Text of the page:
A&G-America’s AIDS Magazine
Book review: Male Sex Work and Society, edited by Victor Minichiello and John Scott
This book is a wide-ranging, scholarly consideration of male sex work. The volume editors and their contributors have set themselves a difficult task indeed: Male sex work does not have that much of a written record, never having excited the concern of politicians, reformers, or even artists as has sex work by women. Of course, male sex work has been similarly stigmatized and is mostly illegal, so workers have been understandably circumspect. An added difficulty for today’s researcher is that sex work is increasingly arranged over the Internet, not in red light districts or other public spaces, lessening its visibility.
The contributors to this volume, many academic researchers in fields such as psychology, anthropology, and public health, are scupulous in backing up assertions with reference to the established literature or through their own fieldwork. The book discusses historical contexts, business aspects, social issues, and male sex work in various societies around the world. In a number of chapters, the authors relay the first-hand comments of sex workers themselves, giving readers a unique view of their experiences and perspectives. Historically, and today, male sex work occurs overwhelmingly between men, so this book should be of interest to those concerned with HIV transmission between men who have sex with men. There is no one section on HIV, but this subject does come up in a chapter on public health and in a number of the other chapters, mainly in discussions of condom use. Safer sex practices emerge as the norm, but reasons workers may choose not to follow them are discussed as well. The book’s editors and contributors have, happily, written in a very readable style without academic jargon or forays into theory. Thus, Male Sex Work and Society is accessible to any who might be interested in the topic. This book is a valuable resource on an elusive topic.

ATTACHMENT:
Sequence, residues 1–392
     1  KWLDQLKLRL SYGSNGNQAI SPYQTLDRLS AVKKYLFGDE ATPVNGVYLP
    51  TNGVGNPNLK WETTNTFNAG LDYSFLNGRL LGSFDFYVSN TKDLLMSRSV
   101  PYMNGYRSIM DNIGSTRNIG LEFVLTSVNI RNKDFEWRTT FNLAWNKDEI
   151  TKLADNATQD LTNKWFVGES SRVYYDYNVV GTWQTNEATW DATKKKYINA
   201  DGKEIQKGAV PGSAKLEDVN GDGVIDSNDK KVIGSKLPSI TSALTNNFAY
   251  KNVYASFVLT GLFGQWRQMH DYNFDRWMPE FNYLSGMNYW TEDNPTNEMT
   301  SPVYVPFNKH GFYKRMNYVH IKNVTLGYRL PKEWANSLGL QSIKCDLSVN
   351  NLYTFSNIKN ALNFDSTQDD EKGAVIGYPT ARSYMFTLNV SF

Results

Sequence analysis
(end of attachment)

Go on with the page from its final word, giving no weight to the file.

Reviewed by Nancy Ellegate